Campus Units

Industrial and Manufacturing Systems Engineering, Mechanical Engineering, Psychology, Virtual Reality Applications Center, Human Computer Interaction

Document Type

Conference Proceeding

Publication Version

Submitted Manuscript

Link to Published Version

https://doi.org/10.1177/1541931213601465

Publication Date

9-2016

Journal or Book Title

Proceedings of the Human Factors and Ergonomics Society Annual Meeting

Volume

60

Issue

1

First Page

2048

Last Page

2052

DOI

10.1177/1541931213601465

Conference Title

HFES International Annual Meeting

Conference Date

September 19-23, 2016

City

Washington, DC

Abstract

Gaining insight into the unique characteristics of participants during user research is a valuable tool for both recruitment and understanding differences within the target population. This work describes an agricultural harvest knowledge survey that was created for user research studies that observed experienced combine operators driving a combine simulator in virtual crop fields. Two variations of the survey were designed, utilized, and evaluated in two separate studies. Both studies found a difference between low and high knowledge operators' performance on the knowledge survey in addition to performance differences. Based on the success of this survey as a population segmentation tool, the authors recommend three criteria for the design of future knowledge surveys in other domains: 1) use real world scenarios, 2) ensure question are neither too difficult nor too easy, and 3) ask the minimum number of questions to identify operator knowledge successfully. Future research aims to create a tool that can discern between system experts (with deep understanding of the system) and practice experts (who primarily have the wisdom of experience).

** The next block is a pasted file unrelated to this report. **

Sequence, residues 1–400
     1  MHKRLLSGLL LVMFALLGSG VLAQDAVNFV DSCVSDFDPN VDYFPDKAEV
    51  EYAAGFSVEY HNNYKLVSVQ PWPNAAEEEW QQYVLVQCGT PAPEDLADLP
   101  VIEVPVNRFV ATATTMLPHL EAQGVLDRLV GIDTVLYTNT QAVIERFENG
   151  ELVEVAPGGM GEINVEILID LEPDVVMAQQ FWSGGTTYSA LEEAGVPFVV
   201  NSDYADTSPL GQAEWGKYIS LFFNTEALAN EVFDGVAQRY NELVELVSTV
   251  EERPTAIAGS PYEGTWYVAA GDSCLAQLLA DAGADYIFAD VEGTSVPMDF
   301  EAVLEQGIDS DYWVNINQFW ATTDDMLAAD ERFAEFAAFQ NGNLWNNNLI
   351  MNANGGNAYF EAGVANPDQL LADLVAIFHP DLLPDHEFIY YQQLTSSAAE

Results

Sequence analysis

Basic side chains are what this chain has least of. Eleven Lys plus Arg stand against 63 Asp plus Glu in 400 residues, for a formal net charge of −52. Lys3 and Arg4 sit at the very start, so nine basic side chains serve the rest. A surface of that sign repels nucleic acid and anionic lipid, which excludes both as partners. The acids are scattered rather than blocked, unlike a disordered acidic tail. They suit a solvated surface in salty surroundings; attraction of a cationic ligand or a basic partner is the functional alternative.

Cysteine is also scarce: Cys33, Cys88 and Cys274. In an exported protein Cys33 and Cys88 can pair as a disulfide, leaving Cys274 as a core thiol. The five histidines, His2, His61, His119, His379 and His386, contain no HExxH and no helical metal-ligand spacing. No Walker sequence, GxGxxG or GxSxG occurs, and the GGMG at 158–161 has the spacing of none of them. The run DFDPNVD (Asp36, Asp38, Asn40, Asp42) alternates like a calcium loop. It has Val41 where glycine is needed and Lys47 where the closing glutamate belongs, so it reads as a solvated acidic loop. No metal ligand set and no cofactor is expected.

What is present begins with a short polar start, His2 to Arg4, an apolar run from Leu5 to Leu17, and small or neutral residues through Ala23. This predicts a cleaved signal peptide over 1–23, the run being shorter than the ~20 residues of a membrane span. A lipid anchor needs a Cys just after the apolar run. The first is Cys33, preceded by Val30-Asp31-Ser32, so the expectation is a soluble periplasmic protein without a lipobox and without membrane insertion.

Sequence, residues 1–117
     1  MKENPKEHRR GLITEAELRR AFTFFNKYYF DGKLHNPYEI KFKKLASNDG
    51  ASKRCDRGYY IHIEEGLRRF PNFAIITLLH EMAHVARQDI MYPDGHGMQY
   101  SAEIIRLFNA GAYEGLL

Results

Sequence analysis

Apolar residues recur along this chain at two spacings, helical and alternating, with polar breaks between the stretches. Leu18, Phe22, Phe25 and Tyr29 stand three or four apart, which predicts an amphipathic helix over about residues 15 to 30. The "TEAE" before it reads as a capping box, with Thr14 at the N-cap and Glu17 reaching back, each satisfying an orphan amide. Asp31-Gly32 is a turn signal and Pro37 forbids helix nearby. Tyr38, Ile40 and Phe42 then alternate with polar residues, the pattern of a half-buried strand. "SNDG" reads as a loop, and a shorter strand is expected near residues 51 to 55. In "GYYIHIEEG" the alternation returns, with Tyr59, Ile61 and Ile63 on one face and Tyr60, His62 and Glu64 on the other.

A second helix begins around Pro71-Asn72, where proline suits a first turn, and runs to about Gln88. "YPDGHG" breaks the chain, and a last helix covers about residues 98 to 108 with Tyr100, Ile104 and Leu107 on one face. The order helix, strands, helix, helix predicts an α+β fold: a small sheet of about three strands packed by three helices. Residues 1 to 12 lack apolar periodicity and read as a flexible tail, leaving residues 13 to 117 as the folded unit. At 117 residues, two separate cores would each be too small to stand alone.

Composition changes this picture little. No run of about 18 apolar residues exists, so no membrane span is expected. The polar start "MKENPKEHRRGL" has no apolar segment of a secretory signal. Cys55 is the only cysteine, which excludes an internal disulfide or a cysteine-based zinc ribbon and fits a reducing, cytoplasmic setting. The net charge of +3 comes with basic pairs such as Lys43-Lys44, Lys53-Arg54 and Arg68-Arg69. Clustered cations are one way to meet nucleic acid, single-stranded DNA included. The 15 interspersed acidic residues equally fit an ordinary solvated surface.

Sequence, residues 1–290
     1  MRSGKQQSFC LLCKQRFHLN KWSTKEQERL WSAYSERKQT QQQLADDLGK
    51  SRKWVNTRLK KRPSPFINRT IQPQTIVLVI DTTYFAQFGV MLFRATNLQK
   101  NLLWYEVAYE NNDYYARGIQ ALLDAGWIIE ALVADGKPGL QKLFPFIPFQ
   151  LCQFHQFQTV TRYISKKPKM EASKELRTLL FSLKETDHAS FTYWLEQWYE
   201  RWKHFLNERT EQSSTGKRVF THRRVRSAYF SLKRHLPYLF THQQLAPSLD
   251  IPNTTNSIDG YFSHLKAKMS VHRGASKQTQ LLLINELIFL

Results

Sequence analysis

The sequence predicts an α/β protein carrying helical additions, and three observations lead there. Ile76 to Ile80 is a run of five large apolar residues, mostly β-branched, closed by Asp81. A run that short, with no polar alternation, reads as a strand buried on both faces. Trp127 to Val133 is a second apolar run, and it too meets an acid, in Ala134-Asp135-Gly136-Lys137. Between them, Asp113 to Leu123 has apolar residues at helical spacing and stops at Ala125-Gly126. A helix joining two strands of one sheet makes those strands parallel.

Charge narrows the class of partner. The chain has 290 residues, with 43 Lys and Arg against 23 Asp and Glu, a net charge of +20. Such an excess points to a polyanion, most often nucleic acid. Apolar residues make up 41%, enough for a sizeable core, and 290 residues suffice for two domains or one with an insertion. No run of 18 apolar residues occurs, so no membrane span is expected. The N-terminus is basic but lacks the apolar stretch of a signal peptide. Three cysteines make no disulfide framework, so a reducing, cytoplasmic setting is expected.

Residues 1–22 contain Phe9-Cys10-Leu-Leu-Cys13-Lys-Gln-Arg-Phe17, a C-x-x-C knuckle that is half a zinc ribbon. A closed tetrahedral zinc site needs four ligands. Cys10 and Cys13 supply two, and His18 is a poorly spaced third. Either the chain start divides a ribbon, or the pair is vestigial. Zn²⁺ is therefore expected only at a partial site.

Comments

This is a manuscript of an article published as Meusel, Chase, Chase Grimm, Stephen Gilbert, and Greg Luecke. "An Agricultural Harvest Knowledge Survey to Distinguish Types of Expertise." In Proceedings of the Human Factors and Ergonomics Society Annual Meeting, vol. 60, no. 1, pp. 2048-2052. SAGE Publications, 2016. DOI:10.1177/1541931213601465. Posted with permission.

Copyright Owner

Human Factors and Ergonomics Society

Language

en

File Format

application/pdf

Published Version

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Article Location

 
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